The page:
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Towards a global typology of forest policies and measures

  1. Colas Chervier, Julia Naime, Malte Ladewig, Arild Angelsen Global typology of policies to reduce deforestation
  2. Rationale • Contribution to the context-policy matrix • And more generally: contribution towards synthetizing the current knowledge on the influence of context on impact of “forest policies and measures”. • Large diversity of policies and measures & commonalities in the way they intend to bring about change: need to simplify and identify types Types of policies and measures P1 P2 P3 Context archetypes A1 A2 A3
  3. Gap and objective • Previous typologies and classification: not encompassing enough, predefined types (top- down), unclear and non-reproductible classification methods  Objective: to define a typology of public policies based on a method that is bottom-up, reproductible and systematic (using criteria derived from the theories of change of policies).
  4. Element 1: The universe of forest policies and measures considered • Our definition is meant to be: • Not too narrow (missing policies and measures that key actors use to reduce deforestation) • Not too broad (the link with deforestation reduction has to be relatively direct) • To establish the list of relevant policies and interventions, we relied on: (i) Previous studies that have done a review of the literature & (ii) Review national REDD+ strategy documents from our target countries. • We have identified 35 policies and interventions….but this list is not exhaustive! Any policy, program, or action aimed at changing or significantly affecting the behavior of forest- related actors and thereby directly or indirectly contribute to avoiding deforestation. Road construction in a forested area = Y Devaluation/depreciation of national currencies = N
  5. Element 2: A generic theory of change of forest policies and measure Forest policies and measures implemented (transfer of material incentives or information) Change in behavior of targeted stakeholder(s) Deforestation and forest degradation reduced Psychological mechanism activated Cause of deforestation mitigated Inputs Outputs Short-term intermediary outcomes Long-term intermediary outcomes Impacts Theory-based typology: we intend to classify policies and measures according to the way they are supposed to bring about change
  6. Element 3: attributes and sub-attributes characterizing forest policies and measures Attributes Change in behavior of targeted stakeholder(s) Psychological mechanism activated Cause of deforestation mitigated Psychological mechanism activated by forest policies and measures Actors targeted by forest policies and measures Causes of deforestation mitigated by forest policies and measures Theory of change Maximization of material payoffs Compliance/ Obedience Social belongingness satisfaction Competence/ self-efficacy Sub-attributes Producers Supply chain actors Consumers Governments and public actors Finance actors and investors Limited values of forests and benefits of forest-friendly activities Large benefits from forest- degrading activities Weak governance Inadequate human development conditions Inadequate demand for forest- related commodities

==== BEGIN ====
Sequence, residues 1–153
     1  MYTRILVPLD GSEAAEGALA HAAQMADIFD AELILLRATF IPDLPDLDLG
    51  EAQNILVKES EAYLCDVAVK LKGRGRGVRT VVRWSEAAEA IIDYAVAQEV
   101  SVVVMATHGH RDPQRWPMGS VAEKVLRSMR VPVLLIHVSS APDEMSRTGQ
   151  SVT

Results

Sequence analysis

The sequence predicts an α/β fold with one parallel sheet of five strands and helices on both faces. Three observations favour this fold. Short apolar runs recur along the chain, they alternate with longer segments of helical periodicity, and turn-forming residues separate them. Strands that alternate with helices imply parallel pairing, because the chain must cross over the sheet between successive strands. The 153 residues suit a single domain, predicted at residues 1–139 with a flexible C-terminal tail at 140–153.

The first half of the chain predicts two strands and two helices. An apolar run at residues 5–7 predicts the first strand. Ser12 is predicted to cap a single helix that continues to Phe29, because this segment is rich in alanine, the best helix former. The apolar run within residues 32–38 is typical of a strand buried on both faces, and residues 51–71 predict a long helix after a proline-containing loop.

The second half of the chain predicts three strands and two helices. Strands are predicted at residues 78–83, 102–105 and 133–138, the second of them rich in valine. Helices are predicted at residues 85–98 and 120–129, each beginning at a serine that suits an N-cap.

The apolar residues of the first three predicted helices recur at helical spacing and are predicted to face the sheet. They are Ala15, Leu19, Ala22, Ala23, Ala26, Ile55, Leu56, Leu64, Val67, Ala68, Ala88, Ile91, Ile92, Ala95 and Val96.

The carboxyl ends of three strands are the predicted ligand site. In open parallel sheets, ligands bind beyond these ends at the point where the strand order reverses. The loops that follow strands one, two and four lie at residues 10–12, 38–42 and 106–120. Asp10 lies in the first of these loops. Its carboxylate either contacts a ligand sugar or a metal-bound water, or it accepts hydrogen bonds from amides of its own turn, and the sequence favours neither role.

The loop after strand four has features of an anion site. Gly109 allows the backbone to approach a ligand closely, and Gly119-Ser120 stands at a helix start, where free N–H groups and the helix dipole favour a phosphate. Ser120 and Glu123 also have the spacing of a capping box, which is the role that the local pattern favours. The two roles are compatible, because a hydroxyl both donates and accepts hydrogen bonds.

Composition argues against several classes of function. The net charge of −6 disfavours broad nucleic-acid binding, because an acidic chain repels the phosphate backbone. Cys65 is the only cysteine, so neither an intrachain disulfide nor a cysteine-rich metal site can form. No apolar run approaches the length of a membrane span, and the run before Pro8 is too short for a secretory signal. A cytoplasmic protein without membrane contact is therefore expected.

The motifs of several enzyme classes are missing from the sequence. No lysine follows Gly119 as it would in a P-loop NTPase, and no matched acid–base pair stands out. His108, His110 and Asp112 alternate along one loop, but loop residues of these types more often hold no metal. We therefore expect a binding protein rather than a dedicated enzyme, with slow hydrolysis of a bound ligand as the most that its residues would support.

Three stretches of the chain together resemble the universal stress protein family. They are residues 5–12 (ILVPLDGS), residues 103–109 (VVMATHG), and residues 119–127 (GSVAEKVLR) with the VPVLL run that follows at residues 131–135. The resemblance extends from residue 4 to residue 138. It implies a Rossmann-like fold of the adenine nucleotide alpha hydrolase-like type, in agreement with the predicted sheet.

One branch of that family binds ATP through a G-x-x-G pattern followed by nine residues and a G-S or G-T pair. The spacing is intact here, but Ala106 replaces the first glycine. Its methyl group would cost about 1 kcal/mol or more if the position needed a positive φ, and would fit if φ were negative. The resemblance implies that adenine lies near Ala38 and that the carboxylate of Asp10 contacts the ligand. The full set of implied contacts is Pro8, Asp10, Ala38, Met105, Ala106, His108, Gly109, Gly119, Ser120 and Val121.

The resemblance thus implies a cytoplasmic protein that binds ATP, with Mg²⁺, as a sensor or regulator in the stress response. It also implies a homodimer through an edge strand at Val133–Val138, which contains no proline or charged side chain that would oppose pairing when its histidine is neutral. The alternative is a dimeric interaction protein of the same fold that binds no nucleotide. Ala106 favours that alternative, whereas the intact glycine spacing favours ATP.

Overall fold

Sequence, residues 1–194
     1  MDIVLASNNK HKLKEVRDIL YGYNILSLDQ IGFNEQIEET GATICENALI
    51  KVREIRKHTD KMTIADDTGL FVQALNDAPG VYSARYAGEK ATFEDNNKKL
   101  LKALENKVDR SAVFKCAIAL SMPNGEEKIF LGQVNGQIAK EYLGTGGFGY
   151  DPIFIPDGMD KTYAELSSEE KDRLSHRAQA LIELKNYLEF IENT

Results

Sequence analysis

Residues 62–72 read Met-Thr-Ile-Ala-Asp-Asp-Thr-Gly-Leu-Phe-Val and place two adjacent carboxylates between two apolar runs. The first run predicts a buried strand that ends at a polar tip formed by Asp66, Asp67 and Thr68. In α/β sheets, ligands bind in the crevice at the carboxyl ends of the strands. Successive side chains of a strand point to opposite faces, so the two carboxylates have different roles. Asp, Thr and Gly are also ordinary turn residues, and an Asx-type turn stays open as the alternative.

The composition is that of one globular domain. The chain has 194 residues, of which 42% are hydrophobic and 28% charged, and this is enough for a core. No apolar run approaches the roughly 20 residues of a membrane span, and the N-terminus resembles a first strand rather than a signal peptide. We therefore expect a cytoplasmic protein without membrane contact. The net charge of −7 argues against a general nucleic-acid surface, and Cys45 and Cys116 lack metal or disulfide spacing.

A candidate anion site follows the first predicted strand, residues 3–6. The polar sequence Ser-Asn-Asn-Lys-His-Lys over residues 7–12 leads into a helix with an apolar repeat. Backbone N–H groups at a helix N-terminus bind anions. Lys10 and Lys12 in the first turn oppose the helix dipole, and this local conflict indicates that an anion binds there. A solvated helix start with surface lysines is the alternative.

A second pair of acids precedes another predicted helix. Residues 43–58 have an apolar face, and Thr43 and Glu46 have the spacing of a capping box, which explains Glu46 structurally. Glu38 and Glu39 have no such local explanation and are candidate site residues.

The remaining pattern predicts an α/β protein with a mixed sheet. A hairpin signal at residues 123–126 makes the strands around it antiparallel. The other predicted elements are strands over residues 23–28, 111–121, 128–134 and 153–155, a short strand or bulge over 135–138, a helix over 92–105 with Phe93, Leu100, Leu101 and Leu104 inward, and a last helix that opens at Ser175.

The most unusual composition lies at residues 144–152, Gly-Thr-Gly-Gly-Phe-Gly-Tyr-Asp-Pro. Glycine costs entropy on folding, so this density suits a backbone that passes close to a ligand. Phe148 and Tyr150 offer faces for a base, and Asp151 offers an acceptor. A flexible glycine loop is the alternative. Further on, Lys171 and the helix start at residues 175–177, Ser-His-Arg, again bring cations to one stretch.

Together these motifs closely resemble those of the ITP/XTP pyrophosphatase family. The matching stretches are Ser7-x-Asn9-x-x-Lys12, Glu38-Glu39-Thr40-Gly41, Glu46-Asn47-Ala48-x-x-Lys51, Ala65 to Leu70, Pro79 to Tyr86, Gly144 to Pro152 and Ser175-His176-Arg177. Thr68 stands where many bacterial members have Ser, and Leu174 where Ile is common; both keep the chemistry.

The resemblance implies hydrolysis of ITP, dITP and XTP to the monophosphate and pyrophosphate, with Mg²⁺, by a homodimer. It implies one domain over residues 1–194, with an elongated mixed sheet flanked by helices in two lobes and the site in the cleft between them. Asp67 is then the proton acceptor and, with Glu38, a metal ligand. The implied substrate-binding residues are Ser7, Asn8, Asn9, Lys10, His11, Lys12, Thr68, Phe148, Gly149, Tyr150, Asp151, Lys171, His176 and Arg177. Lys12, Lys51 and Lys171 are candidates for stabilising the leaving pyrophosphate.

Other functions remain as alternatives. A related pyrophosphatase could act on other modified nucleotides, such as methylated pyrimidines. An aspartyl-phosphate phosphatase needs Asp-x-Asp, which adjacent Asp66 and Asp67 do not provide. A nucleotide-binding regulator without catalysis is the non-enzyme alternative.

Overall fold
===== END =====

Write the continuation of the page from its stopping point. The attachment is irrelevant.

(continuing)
7. First results (1/2) • Identification of dominant sub-attributes for each policy/measure • E.g., PES = payoffs + land users + increase forest values • Different levels of aggregation possible: • 10 middle-level types (orange line) with at least two common sub- attributes. 3 4 1 2 5 6 7 8 9 10
  8. First results (2/2) Type 1 = producers + material payoffs (e.g. PES) Type 2 = producers + compliance/ obedience (e.g. PA) Type 3 = producers + broader development conditions + psychological mechanism other than material payoffs and obedience (family planning campaigns) Type 4 = producers + improving forest values and benefits + psychological mechanisms other than material payoffs and obedience (e.g. logging concessions) Type 5 = Increasing linkages between multiple stakeholders to improve governance (e.g. MSP) Type 6 = government actors + aimed at improving governance (e.g. EFT) Type 7 = End-consumers + demand (e.g. consumer awareness campaigns) Type 8 = intermediate supply-chain actors + demand (e.g. disclosure) Type 9 = increasing values of forests and the benefits of forest-friendly activities + material payoffs + broader range of supply-chain actors (e.g. subsidies) Type 10 reduce the benefits of forest-degrading activities + material payoffs + broader range of supply-chain actors (e.g. reduction of credit access)
  9. Next steps
  10. Improving the typology based on feedback from GCS REDD+ target countries  Does the classification method make sense, including in particular the list of attributes and sub-attributes?  Do we forget any policy and measure that influence forest fate in Indonesia?  Does the current classification in 10 types makes sense in the Indonesian context?
  11. Adding the context dimension  The global typology is just one step towards generating information that is useful for policy makers:  what policy and measure is more likely to be effective in what context?  Need to add the context dimension by:  Summarizing the information generated by the impact evaluation literature  And using a systematic framework to characterize context characteristics Source: Ostrom and Cox 2010
  12. | | | The Center for International Forestry Research (CIFOR) and World Agroforestry (ICRAF) envision a more equitable world where forestry and landscapes enhance the environment and well-being for all. CIFOR–ICRAF are CGIAR Research Centers. Terima kasih